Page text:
So….front doors. It’s one of the first things people notice about your house, one of the first thing that tells visitors anything about the people who live inside. Our door didn’t tell people much…it didn’t tell them that I like color, nor did it tell them that Adam is a wood snob. The only thing our front door really told people is that we have a dog that likes to scratch. Except that we don’t.
Now it IS a nice door… but the finish was terrible, scratched to pieces, and looks like a dark hole from the street.
Earlier this summer I did a couple posts about our front yard and porch and asked y’all what the heck I should do about my eyesore of a door. The overwhelming response is that I should paint it, and ya’ll suggested every color of the rainbow.
I thought about it for a while and narrowed it down to either red, blue, or refinishing the wood. Then one day Adam and I were taking the boys for a walk around the block and I started paying attention to everyone’s front doors. I started to notice a trend…no one around here is very bold with their color choices. Around the whole block there were only three different color doors…wood, tan, or red. But not bright red, more of a brownish red. Us country folk really like things to be the same shade as dirt, evidently. That’s when I decided that blue was my color.
Then we waited four months for the weather to cool down enough to remove the door for a day. Patience is a virtue, patience is a virtue…
October hit and so did 80 degree temperatures, and off came the door.
I only wanted to paint the outside of the door, the inside was going to be refinished wood. Adam sanded it all down and put on a coat of tung oil, and it looked pretty. Like, really pretty.
So we lugged it back to the giant hole in our house so Adam could try to convince me not to paint it.
I almost agreed because it looked so dang nice. Who knew there was beautiful wood hiding behind all that ugly dark stain?
But atlas, I wanted blue. I wanted color. I wanted a door that wasn’t a color similar to dirt.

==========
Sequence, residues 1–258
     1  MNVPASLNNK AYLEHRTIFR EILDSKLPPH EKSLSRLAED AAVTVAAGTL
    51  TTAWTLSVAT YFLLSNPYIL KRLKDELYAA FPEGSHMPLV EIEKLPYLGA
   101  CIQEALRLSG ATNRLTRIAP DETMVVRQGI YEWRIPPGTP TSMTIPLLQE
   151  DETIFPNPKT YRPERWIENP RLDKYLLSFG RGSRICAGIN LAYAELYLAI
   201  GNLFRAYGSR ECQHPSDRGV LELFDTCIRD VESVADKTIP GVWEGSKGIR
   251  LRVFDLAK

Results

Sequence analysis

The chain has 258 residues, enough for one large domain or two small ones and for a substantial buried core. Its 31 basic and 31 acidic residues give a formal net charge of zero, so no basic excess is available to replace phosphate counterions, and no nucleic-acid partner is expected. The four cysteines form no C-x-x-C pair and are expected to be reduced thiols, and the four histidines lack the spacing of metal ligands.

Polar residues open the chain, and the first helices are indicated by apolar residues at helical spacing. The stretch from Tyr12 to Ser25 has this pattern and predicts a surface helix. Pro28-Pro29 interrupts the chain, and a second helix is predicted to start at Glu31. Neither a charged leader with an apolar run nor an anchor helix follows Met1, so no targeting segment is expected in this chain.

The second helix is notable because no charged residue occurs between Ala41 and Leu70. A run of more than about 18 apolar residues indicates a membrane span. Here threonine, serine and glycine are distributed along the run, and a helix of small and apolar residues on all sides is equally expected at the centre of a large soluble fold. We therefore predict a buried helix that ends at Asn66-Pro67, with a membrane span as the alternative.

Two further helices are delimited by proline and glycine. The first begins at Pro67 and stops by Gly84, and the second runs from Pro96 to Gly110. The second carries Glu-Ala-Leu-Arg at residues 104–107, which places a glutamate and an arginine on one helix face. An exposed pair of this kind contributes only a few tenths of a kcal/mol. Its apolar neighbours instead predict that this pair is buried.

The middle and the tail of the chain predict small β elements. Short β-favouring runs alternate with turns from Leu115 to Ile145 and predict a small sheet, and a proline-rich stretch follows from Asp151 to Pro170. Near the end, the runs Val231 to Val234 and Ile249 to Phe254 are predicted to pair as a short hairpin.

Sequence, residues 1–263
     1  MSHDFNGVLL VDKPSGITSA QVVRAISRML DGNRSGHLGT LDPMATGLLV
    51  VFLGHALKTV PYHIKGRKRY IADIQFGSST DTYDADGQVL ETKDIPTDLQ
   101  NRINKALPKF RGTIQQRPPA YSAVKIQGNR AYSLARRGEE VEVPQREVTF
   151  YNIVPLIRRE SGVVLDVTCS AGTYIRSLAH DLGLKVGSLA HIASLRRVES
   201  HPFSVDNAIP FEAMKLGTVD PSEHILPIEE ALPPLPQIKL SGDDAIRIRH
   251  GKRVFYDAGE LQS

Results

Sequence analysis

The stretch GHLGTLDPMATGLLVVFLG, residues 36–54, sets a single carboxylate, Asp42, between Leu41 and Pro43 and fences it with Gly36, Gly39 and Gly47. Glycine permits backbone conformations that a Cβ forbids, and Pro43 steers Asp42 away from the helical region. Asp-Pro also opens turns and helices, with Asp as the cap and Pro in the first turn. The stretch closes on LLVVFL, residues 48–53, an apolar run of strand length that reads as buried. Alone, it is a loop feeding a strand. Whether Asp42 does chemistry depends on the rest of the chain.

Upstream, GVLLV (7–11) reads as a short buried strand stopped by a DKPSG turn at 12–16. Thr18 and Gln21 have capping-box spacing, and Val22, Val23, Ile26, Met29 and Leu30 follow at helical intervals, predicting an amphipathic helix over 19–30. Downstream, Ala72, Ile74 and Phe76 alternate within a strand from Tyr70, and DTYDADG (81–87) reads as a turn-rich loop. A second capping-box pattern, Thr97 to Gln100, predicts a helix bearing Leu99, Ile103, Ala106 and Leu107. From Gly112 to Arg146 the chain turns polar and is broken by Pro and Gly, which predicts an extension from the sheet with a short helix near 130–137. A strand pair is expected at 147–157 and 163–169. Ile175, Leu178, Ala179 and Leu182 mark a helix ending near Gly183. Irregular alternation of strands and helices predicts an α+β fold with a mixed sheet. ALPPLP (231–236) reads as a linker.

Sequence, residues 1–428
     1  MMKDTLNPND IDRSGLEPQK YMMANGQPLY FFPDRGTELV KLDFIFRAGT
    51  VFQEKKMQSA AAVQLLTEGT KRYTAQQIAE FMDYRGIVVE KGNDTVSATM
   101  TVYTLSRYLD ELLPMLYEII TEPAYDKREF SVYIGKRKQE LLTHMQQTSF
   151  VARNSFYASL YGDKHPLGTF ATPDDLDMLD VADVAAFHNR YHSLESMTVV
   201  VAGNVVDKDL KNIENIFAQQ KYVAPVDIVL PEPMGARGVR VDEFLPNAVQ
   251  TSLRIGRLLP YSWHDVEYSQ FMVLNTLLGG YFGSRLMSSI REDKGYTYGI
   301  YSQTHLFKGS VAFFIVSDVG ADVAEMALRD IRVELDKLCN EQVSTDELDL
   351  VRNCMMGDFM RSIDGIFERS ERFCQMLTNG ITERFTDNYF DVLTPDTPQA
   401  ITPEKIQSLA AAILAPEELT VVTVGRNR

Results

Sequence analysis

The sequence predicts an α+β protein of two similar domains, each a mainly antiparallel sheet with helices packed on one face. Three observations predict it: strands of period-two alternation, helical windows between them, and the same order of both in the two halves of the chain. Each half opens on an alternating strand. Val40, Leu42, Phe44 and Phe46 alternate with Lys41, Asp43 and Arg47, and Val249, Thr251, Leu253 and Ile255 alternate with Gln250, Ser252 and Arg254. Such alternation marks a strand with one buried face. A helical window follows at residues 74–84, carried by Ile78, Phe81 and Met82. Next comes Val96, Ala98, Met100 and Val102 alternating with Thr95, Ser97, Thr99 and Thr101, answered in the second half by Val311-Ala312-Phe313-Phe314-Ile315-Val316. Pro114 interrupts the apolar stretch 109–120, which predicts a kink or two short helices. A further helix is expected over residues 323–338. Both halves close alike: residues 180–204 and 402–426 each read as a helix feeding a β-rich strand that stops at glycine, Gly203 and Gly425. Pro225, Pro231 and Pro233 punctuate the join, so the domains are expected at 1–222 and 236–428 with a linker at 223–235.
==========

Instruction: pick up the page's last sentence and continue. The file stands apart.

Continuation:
Except that this isn’t that blog, the blog where everything goes right.
Here is what actually happened after the door looked crisp and awesome. The paint I used was an eggshell, and I thought it needed a protection to hold up to the outdoor elements. I was out of my beloved polycrylic, but Minwax had sent me a can of this…
Water based, oil-modified polyurathane…whatever that means.
Normally polyurathane is oil based and great stuff, but it yellows on painted surfaces and I only use it on wood that needs to take a beating. Polycrylic is water based, easy to work with, and doesn’t yellow. It’s not quite as bulletproof as polyurathane, but it’s what I usually use as a finish. This can was a weird combination of both. Being an optimist I figured it would be the best of both words – bulletproof like polyurathne but non-yellowing like polycrylic. So I slapped on a coat.
The next morning I went to photograph the door and discovered that not only had it yellowed, it yellowed at warp speed.
Well…crap. I didn’t want to take the door back off and sand it, so I decided that no one would notice but me. So I left it.
Then Adam noticed. And his brother Taylor noticed. And when the door-to-door evangelists noticed I knew I couldn’t just leave it.
Still rebelliously avoiding sanding I decided to stain right over the poly (paper bag floor style) and turn it into a dirty cowboy masterpiece. If I hated it I could always sand it down, just like I would have had to anyway.
So I gave it a few layers of stain with a brush and a rag (tutorial here) and decided it didn’t look half bad.
Then I gave it a coat of polycrylic to seal the deal, caulked, and painted the trim a shade lighter than it had been.
And here it is!
The trim being lighter was a color matching mistake, but I actually really like that my browns don’t quite match. It gives the door another layer of interest.
Here is the before and after…
..and all three so you can properly judge it.
Now the inside.
Hold on, I can do you one better…
So there you have it, my colorful blue front door that somehow still managed to be a shade similar to dirt.
It’s the curse of the country I tell you, dirt colored front doors.